MINNEAPOLIS – Success with stress. The two have gone hand in hand for the Minnesota Vikings and their fans this season.
Each win often takes a toll on the purple and gold faithful. So how do Vikings games impact fans’ health? And can they do anything to relax while watching?
How would you describe this Vikings season so far?
“If you’re talking stress, there is a lot of it,” said fan Barry Smith.
“Stressing out, pacing back and forth, watching the game,” added Shane Goodmanson.
Loyalty to the purple and gold this season comes with a price some fans can’t always pay – like Wyatt Crowell’s dad.
“Sometimes he’ll turn it off because he thinks that it’s his fault that they’re losing or whatever,” Crowell said.
Some fans scream at the TV at the top of their lungs like Smith, to the point he worries about his blood pressure. Even teenagers feel the same struggle.
“I was like ‘dude this is too much for me, I can’t deal with all this,'” Goodmanson said after attending the game against the Colts last Saturday. “At 17 years old I can’t deal with all these heart problems.”
As a fan himself, Dr. Kevin Harris understands.
“It’s an emotional roller coaster,” Harris said.
But as a cardiologist, he worries about the stress caused from each nail-biting Vikings victory.
“It’s a real phenomena that people can have cardiac events related to a sporting event,” he said. “We know that severe mental stress, just like severe physical exertion, has an effect on the heart.”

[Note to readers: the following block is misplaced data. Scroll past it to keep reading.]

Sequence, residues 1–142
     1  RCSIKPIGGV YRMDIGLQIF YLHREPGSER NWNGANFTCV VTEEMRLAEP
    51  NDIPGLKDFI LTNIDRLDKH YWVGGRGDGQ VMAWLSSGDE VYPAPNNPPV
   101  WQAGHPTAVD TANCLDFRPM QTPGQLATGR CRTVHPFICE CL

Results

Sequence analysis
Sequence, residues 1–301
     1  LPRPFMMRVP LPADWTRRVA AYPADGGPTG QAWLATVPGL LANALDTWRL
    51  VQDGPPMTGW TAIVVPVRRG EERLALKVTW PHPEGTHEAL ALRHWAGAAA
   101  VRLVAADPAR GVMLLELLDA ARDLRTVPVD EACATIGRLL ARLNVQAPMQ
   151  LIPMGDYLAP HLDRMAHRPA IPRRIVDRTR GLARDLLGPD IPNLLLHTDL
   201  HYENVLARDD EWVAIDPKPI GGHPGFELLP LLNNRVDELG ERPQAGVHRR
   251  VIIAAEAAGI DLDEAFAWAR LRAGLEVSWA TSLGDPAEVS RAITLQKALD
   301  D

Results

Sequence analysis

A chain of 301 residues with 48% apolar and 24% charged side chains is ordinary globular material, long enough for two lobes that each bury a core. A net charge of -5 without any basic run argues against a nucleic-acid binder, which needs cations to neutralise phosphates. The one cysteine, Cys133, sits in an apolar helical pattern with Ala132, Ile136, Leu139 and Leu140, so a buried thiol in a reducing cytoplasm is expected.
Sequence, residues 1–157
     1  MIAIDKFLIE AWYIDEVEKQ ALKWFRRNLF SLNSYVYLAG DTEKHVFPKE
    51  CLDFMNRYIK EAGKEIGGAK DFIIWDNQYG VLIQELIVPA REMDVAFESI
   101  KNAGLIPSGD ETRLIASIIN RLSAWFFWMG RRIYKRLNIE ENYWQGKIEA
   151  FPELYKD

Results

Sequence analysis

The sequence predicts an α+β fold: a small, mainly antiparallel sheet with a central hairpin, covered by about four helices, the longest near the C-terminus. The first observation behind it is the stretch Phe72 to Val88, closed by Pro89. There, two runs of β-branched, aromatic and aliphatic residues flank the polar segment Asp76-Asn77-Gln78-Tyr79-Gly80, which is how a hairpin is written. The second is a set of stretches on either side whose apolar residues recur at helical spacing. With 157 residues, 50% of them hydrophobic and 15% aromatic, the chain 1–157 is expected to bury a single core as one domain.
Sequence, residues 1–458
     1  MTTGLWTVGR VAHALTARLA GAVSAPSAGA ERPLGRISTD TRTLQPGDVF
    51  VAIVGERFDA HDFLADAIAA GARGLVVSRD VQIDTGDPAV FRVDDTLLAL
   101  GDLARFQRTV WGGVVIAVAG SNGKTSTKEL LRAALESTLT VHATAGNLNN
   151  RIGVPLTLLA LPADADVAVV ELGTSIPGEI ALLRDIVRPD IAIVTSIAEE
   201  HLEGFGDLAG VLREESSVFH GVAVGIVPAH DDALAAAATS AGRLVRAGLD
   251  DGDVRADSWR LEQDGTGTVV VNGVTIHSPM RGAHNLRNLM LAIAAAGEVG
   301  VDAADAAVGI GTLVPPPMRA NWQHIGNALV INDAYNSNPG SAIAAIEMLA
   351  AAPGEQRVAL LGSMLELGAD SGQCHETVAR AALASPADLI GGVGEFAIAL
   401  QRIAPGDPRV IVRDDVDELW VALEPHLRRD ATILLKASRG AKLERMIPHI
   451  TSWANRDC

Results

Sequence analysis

Your heart rate will increase, blood pressure rises, and blood vessels thin. Those effects likely subside when a game ends, but can take a toll on someone with heart problems or a family history of them.
So, how do you determine if this stress you’re feeling is worthy of going to the doctor?
“If you find that it’s having an adverse effect on you, you’re having chest pain, your heart is racing … this is a repetitive pattern, like we’ve had a number of Vikings games that have been super exciting this year. You’re feeling that, I think that’s something you talk to you doctor about,” Dr. Harris said.
To lower your stress while watching, Dr. Harris gave these tips:
For some fans, it’s only when they turned the game off that the Vikings comeback often started.
“And in general, the studies have shown that the losses are way harder to take for people than the victories,” Dr. Harris said.
While it can be good to get your heart rate up, Dr. Harris would prefer Vikings fans do that through exercising and not just watching the games.